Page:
an example of writing or speech consisting of or containing meaningless words.
Jabberwocky, “speech consisting of or containing meaningless words,” is a derivative of the name Jabberwock, a monster generally depicted as a dragon in a nonsense poem in Lewis Carroll’s Through the Looking Glass (1871). Concerning the etymology of Jabberwocky, Carroll himself wrote in a letter to students at Girls’ Latin School in Boston, Massachusetts (now Boston Latin Academy), “The Anglo-Saxon word wocer or wocor signifies ‘offspring or fruit.’ Taking jabber in its ordinary acceptation of ‘excited and voluble discussion,’ this would give the meaning of ‘the result of much excited and voluble discussion.’”
his face melts into a mask of sadness and despair, then sparkles with wit as he tells in a stream of jabberwocky the loopy story of a fop named Pongo Twistleton …
Of course all the White House’s latest jabberwocky about “benchmarks” and “milestones” and “timetables'”… is nothing more than an election-year P.R. strategy …
former; of times past: erstwhile friends.
Erstwhile is a compound of the Middle English adjective and adverb erest “first in time, rank, order, excellence, etc.,” from the similar Old English adjective and adverb ǣrest “first, at first.” (The –est ending indicates that Old English ǣrest is the superlative degree of ǣr “early,” which functions as an adjective, adverb, preposition, and conjunction.) While comes from the Old English noun hwīl “a space of time, a while, an indefinite space of time,” which in Middle English develops senses as an adverb and conjunction. Erstwhile as an adverb entered English in the second half of the 16th century, and as an adjective, in the early 20th.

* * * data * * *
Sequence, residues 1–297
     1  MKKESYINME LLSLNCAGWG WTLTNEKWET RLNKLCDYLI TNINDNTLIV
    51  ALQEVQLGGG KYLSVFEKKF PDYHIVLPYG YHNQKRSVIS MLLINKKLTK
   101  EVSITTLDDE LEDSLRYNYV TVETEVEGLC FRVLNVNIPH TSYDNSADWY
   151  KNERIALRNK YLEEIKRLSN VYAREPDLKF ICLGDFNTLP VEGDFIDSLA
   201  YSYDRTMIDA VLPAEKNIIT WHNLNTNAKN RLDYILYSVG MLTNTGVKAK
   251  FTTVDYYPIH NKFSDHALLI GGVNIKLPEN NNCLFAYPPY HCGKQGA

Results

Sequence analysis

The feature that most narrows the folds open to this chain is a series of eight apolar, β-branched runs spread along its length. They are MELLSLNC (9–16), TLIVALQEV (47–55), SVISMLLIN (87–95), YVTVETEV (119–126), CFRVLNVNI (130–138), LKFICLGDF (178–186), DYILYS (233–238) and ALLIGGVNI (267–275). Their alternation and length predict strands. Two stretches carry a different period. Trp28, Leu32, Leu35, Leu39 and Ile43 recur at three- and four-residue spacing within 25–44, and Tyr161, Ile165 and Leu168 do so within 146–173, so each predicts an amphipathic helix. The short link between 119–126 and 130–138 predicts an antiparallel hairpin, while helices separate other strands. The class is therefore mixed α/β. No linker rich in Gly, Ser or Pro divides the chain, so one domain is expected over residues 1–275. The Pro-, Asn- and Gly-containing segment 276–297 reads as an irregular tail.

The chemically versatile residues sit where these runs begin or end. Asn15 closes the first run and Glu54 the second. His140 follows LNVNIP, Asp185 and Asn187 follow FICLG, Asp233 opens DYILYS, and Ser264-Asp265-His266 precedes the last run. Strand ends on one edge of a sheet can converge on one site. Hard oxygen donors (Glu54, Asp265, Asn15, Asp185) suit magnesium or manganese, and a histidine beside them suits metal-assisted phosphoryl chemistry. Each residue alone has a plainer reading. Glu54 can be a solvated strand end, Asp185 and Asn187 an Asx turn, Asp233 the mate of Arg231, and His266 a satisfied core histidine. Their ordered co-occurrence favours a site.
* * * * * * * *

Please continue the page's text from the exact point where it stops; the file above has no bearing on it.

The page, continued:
Many of Biden’s erstwhile opponents have found roles for themselves.
When the the 75-year-old ruler … refused to step down, some of his erstwhile allies from the military and security forces pushed him out.
constant or close application or effort; diligence; industry.
Assiduity ultimately comes from the Latin noun assiduitās (inflectional stem assiduitāt-) “constant presence or attendance, constant practice,” a derivative of the adjective assiduus “settled, continued, persistent.” Assiduus derives from the compound verb assidēre “to sit near, sit next to, pay attention to,” formed from the preposition and prefix ad, ad– “to, at, near” and the simple verb sedēre “to sit.” The semantics of sitting and therefore paying close attention fits perfectly with the German noun Sitzfleisch (borrowed into English in the 19th century), which means “the buttocks, (literally) sit-flesh,” and by extension, the ability to sit for a long period of time and persevere in an activity. Assiduity entered English in the early 17th century.
“I really believe in working with youth, and particularly this age group — middle school — with respect and kindness and patience,” Palla said. It’s an approach that takes assiduity, especially considering the volume of students that Cook and Palla oversee.
These disloyal thoughts came seldom, and she put them resolutely away, devoting herself with all the greater assiduity to her muslin curtains and ruffled pillow-shams.